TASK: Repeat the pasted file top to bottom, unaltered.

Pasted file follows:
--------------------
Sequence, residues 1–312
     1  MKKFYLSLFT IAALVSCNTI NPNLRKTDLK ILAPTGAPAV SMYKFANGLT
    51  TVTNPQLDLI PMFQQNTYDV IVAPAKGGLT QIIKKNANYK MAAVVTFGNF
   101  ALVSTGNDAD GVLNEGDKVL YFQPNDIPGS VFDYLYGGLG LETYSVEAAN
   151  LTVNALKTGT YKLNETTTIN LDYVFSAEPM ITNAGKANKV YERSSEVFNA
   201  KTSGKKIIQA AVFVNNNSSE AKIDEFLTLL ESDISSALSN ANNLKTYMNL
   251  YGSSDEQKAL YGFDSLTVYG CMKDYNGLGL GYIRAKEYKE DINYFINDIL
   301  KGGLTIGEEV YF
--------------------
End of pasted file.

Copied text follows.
Sequence, residues 1–312
     1  MKKFYLSLFT IAALVSCNTI NPNLRKTDLK ILAPTGAPAV SMYKFANGLT
    51  TVTNPQLDLI PMFQQNTYDV IVAPAKGGLT QIIKKNANYK MAAVVTFGNF
   101  ALVSTGNDAD GVLNEGDKVL YFQPNDIPGS VFDYLYGGLG LETYSVEAAN
   151  LTVNALKTGT YKLNETTTIN LDYVFSAEPM ITNAGKANKV YERSSEVFNA
   201  KTSGKKIIQA AVFVNNNSSE AKIDEFLTLL ESDISSALSN ANNLKTYMNL
   251  YGSSDEQKAL YGFDSLTVYG CMKDYNGLGL GYIRAKEYKE DINYFINDIL
   301  KGGLTIGEEV YF